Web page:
Stroke is a primary health concern affecting millions of people worldwide. It can impair physical abilities, induce long-term cognitive deficits and cause emotional distress to those affected. The nursing diagnosis for stroke goes beyond assessing physical symptoms and evaluating test results; it involves utilizing an interdisciplinary approach to determine how best to care for those affected by stroke, regardless of the severity and type.
As healthcare professionals, we must be aware of all available resources to accurately identify the individual’s needs on an assessment basis before developing care plans specific to their situation.
In this blog post, we will explore different types of nursing diagnoses related to stroke and their common elements to gain insight into appropriate treatment strategies for patients with this life-altering condition.
Table of Contents
What is Stroke?
To appropriately diagnose and treat those affected by stroke, it is essential first to understand what a stroke is. A stroke occurs when there is a sudden interruption of the blood supply to part of the brain, resulting in an inability for that area to receive oxygen and nutrients.
This can often lead to paralysis, seizures, death, or permanent disability. Knowing a stroke’s vital signs and symptoms is essential for early intervention and minimizing potentially long-term disability.
A Stroke, called Cerebrovascular Accident (CVA) / Brain Attack, is divided into two main categories: Ischemic and Hemorrhagic.
- Ischemic strokes occur when there is a blockage of the artery that supplies blood to the brain.
- Hemorrhagic stroke arises when a weakened blood vessel ruptures, leading to bleeding inside or around the brain.
Pathophysiology Of Stroke
Stroke can be caused by various factors and is categorized into two types:
- Ischemic Stroke and Hemorrhagic Stroke. Ischemic strokes occur when there is an obstruction to the blood vessels that deliver oxygen and nutrients to the brain, resulting in cell death due to lacking these essential elements.
- Hemorrhagic stroke arises when a weakened blood vessel ruptures, bleeding within or around the brain. The type of stroke will determine which nursing diagnosis is used when assessing a patient with this condition.
Causes of Stroke
- high blood pressure
- other vascular diseases.
Risk Factors for Stroke
It is necessary to identify the risk factors that may lead to an individual having a stroke to take preventive measures.
- Cardiovascular diseases such as atrial fibrillation
- History of transient ischemic attack
- Cigarette Smoking
- Heavy alcohol use,
- Cocaine use
In addition, a family history of stroke or cardiac disease can put someone at higher risk for this condition. Managing these risks through lifestyle changes such as quitting smoking and increasing physical activity
Signs and Symptoms of Stroke
The signs and symptoms of stroke vary depending on the severity, but some common indications are:
- paralysis or numbness on one side of the body,
- slurred speech or difficulty with language comprehension,
- loss of vision in one eye,
- confusion or disorientation.
An imaging scan may be ordered for stroke diagnosis to provide visual evidence to help identify the stroke type. It could include a CT scan or MRI for more detailed information. Further tests may be necessary to gain deeper insight into the condition, depending on the results.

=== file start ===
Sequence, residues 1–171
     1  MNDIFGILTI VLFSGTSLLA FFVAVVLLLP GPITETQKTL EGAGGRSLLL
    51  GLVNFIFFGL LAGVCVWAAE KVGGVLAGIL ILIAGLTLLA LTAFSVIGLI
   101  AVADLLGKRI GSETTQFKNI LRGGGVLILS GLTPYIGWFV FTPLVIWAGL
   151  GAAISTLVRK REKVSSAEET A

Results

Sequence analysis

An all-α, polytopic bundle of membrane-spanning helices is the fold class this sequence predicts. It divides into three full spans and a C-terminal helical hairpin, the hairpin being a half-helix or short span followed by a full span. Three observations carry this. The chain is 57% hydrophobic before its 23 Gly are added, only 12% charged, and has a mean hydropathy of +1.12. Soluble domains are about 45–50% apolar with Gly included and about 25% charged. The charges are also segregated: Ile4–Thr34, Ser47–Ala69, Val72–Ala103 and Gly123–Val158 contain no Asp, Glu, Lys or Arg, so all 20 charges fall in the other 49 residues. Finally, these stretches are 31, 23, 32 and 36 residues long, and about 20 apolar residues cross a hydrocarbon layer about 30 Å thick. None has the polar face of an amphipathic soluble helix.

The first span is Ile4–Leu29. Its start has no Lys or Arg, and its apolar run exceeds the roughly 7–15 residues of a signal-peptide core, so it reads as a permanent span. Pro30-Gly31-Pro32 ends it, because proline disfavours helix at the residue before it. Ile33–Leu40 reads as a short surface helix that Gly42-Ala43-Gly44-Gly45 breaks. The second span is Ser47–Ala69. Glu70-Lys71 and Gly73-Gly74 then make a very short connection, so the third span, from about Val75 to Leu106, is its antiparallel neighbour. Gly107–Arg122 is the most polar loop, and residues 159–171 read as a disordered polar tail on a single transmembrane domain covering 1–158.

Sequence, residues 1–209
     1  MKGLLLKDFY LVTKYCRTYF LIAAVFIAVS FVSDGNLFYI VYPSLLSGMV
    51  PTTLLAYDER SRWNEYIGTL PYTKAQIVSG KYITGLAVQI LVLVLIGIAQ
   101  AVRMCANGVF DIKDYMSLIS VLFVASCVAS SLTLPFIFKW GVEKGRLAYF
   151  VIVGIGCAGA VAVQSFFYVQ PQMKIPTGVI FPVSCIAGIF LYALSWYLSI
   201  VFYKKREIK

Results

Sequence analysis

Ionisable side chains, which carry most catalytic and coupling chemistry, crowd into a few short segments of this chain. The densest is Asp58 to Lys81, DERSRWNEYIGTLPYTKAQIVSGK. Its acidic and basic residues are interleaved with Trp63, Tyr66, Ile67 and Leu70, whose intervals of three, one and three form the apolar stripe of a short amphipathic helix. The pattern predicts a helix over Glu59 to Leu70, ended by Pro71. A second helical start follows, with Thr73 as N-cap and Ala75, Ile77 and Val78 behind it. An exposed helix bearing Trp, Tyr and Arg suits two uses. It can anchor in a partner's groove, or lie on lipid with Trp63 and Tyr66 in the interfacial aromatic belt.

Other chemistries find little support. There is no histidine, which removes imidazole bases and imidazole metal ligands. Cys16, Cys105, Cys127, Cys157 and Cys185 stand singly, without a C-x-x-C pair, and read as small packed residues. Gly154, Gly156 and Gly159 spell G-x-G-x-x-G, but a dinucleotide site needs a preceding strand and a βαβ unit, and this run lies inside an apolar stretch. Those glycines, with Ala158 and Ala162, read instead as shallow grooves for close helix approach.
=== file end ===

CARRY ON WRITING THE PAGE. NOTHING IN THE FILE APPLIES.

Once a stroke diagnosis is made, it is essential to provide appropriate medical management to reduce the risk of further damage or complications. This could include medications such as blood thinners, anticoagulants, antiplatelet drugs, lifestyle modifications, and diet and exercise.
Also, physical and occupational therapy may be recommended for those affected by stroke to help promote improved physical functioning over time.
Finally, psychological support may be necessary depending on individual needs during this challenging journey.
Nursing Stroke Care plan
The assessment for stroke must include not only the physical symptoms but also an evaluation of all available resources to develop a comprehensive care plan. This includes examining factors such as age, lifestyle, medical history, and family history to gain insight into the individual’s needs.
Common CVA Nursing Diagnoses For Stroke
Each type of stroke requires unique nursing diagnoses, but some common diagnoses are seen across both classes. Some of the most commonly used nursing diagnoses for stroke include:
- Activity Intolerance: Inability to perform activities of daily living due to physical or cognitive limitations caused by the stroke.
- Disturbed Sensory Perception: Change in a person’s ability to interpret sensory information, such as vision, hearing, and touch.
- Risk For Injury: Increased vulnerability to injury due to physical and cognitive impairment from the stroke.
- Impaired Mobility: Decrease in coordination or range of motion resulting from the stroke.
- Risk For Infection: Possibility of infection due to a compromised immune system caused by the stroke.
- Anxiety/Fear/Distress: Emotional response associated with fear or uneasiness related to the diagnosis and prognosis of stroke.
- Impaired Memory: Loss of memory or ability to recall past events due to cognitive impairment caused by the stroke.
- Risk For Social Isolation: Increase in vulnerability to isolation due to physical, emotional, and cognitive limitations from the stroke.
- Ineffective Coping: Difficulty managing stressors related to changes in lifestyle and abilities caused by the stroke.
- Pain: Discomfort associated with physical limitation and complications resulting from the stroke.
- Activity Intolerance Related To Fatigue: Decrease in energy levels due to physical strain associated with activity after a stroke.
- Disturbed Sleep Pattern: Change in sleeping patterns due to discomfort or limited mobility resulting from the stroke.